J. G. Ballard 1930—2009

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Ballard held a cold and shiny polished mirror to a high modernist, science-dominated world.

by Mike Mosher

It's time I read J.G. Ballard's Crash again, for I'm surrounded by the fetishization of car ownership, of behemoth SUVs and oversized pickup trucks, in the part of the United States that, until recently, produced them. The movie by David Cronenberg failed to capture the book's clinico-mechanical gaze and its metallic amassed detail. Every time I drive I feel I'm doing something unpleasantly, shamefully transgressive, and it's not only Critical Mass friends and Al Gore pricking my conscience, but Ballard as well. I can't help but see him as a very political novelist. Not just for his follies like "Why I Want to Fuck Ronald Reagan" (then Governor of California) or "Plan for the Assasination of Jacqueline Kennedy". His a wry pop art, where Andy Warhol meets Charlie Manson in texts that might be found on Jon Stewart's night table.

We had gradually moved out of San Francisco's low-rise street level Mission, then as now a soulful and genuine neighborhood, to multistory apartments at the southern edge of the city that allowed me easy access to employment down the peninsula. There I read Ballard's haunting novel High Rise, where the residents of given floors of an urban London tower begin tribal wars, complete with raiding parties, against their rivals a story above or below. From his house in suburban Shepparton, England (home of film studios), he tapped an underlying hostility inherent in life lived in cubicles. High Rise should be required reading in architecture and urban planning classes. Ballard held a cold and shiny polished mirror to a high modernist, science-dominated world, for it to see--and gulp in strangled horror at--the irrationality roiling beneath the surface until its moment of eruption.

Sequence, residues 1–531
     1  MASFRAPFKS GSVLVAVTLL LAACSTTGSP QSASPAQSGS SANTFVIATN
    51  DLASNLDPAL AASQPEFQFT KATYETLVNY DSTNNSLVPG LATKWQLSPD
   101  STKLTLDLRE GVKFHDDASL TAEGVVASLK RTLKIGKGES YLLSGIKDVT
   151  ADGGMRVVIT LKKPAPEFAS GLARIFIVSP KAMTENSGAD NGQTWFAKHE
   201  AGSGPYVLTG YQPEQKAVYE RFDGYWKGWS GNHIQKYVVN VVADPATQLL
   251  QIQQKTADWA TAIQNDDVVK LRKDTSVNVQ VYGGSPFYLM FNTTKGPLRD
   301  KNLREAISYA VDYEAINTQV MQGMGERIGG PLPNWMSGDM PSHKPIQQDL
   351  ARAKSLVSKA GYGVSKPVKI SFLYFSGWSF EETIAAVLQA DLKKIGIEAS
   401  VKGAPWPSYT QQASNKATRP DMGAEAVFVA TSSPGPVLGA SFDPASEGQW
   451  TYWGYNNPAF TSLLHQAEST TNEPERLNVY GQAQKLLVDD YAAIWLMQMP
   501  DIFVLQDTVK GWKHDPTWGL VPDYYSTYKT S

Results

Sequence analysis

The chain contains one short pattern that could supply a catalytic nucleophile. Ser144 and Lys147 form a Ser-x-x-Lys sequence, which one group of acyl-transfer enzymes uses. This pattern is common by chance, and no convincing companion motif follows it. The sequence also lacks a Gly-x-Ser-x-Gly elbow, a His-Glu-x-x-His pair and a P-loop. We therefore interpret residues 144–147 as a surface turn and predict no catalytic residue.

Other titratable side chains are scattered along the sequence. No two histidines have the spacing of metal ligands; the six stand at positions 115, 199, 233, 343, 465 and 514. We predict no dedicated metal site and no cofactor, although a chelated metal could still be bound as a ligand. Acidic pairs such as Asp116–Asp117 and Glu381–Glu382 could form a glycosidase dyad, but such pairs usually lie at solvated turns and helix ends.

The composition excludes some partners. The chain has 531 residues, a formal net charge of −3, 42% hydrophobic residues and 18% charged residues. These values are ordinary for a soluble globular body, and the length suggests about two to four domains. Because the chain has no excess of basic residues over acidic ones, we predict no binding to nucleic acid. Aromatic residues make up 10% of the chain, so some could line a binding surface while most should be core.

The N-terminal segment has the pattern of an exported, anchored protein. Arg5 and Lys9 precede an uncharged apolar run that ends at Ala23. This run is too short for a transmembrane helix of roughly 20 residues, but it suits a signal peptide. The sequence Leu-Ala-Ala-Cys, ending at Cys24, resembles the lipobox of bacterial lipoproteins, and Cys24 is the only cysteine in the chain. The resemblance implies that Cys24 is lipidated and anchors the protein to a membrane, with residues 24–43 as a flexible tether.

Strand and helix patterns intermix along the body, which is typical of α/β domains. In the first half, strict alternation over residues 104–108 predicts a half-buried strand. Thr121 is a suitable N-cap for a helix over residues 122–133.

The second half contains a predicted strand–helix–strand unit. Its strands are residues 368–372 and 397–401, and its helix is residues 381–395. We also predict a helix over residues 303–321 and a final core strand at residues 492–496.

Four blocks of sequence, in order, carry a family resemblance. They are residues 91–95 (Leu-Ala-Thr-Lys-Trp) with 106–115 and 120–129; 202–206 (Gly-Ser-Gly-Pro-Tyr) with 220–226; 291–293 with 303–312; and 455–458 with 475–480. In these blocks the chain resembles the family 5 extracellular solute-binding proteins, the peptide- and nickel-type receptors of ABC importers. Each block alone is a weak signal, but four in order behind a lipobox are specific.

Ballard appears in a copy of Science Fiction Studies #55, November 1991. Vivian Sobchak, film historian at UC Santa Cruz, criticizes Ballard's medical erotics much as she did the Berkeley cyberpunks of Mondo 2000 magazine who dismissed "meat"--the body--as supposedly rendered irrelevant by virtual reality. Sobchak, who had recently undergone surgery, reminds the reader of pain suffered by surgery upon her middle-aged mortal body. In that journal is a short essay by Jean Baudrillard on Crash, and the novel's author responds. Ballard praises Baudrillard's writing on America as Swiftian satire, but responds with exasperation at the idea of the reading of science fiction genre being considered a "discipline" "God help us!" He rails at postmodernism's approving view of SF as being a "doubly sinister...bourgeoisification of the form by over-specialized academia...You are killing us! Stay your hand! Leave us be!" He calls on the US to thrive in the spirit of Wright brothers, not (a dig at Baudrillard) European intellectuals"trapped inside your dismal jargon".

But there's jargon and then there's jargon. Whereas Joyce was poetic in his erotics, Ballard was clinical. He had worked in technical editing, and told interviewers V.Vale and Andrea Juno (for their excellent RE/Search #8/9 book-sized Ballard anthology) that he subscribed to various magazines for their deadpan prose and odd technologies. His educated, befuddled heroes were often men of science--Cape Canaveral, Florida was often a favorite setting for his disrupted lives and environments. One recalls John Berger's interest in scientists, engineers and aviators as the new "classless" men in Edwardian Britain. His later novel Cocaine Nights had a bit o' the old ultraparanoia, but generally felt trivial. Though Douglas Coupland's 1995 Microserfs may have been one attempt, a contemporary Ballardian might wrest disturbed, disturbing ballads or fictions from the boom-and-bust employment fluidity of contemporary Sunnyvale, Pontiac, Bangalore or Shanghai.

Mike Mosher has uncompleted novels.

Copyright © Mike Mosher. All rights reserved.

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